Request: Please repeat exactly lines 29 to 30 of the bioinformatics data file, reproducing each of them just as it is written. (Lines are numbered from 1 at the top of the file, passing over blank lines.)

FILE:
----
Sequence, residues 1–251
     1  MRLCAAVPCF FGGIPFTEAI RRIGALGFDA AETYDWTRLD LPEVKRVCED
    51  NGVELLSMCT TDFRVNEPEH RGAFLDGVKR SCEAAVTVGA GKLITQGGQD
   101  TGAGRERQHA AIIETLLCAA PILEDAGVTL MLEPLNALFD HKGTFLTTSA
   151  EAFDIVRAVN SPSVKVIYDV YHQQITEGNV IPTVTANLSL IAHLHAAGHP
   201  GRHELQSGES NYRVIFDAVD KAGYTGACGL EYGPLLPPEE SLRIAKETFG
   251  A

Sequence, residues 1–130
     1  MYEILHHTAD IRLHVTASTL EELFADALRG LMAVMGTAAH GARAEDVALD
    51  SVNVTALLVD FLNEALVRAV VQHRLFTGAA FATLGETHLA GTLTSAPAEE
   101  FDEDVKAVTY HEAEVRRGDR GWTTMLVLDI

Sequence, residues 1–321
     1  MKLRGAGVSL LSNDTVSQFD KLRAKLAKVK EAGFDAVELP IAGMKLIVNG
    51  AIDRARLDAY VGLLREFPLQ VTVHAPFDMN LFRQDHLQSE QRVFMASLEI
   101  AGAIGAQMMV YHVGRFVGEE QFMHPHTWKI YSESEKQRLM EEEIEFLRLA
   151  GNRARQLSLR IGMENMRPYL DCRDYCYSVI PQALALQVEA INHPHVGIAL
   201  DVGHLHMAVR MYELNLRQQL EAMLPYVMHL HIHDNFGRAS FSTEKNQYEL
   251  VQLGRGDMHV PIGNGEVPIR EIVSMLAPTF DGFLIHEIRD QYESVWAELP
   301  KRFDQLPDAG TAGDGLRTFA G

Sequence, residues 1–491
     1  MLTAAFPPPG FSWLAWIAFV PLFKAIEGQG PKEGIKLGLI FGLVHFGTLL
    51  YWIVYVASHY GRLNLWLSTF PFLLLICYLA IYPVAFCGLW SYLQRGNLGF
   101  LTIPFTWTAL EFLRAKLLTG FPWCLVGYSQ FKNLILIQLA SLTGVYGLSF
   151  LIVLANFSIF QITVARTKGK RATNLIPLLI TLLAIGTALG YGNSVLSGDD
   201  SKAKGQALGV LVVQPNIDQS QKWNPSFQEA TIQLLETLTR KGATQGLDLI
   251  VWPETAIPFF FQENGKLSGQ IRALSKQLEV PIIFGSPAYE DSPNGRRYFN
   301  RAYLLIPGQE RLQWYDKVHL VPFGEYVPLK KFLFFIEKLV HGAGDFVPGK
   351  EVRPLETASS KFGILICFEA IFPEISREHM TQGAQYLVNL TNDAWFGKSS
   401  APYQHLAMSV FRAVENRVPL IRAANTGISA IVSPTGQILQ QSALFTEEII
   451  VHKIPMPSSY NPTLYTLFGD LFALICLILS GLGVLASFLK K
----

   401  APYQHLAMSV FRAVENRVPL IRAANTGISA IVSPTGQILQ QSALFTEEII
   451  VHKIPMPSSY NPTLYTLFGD LFALICLILS GLGVLASFLK K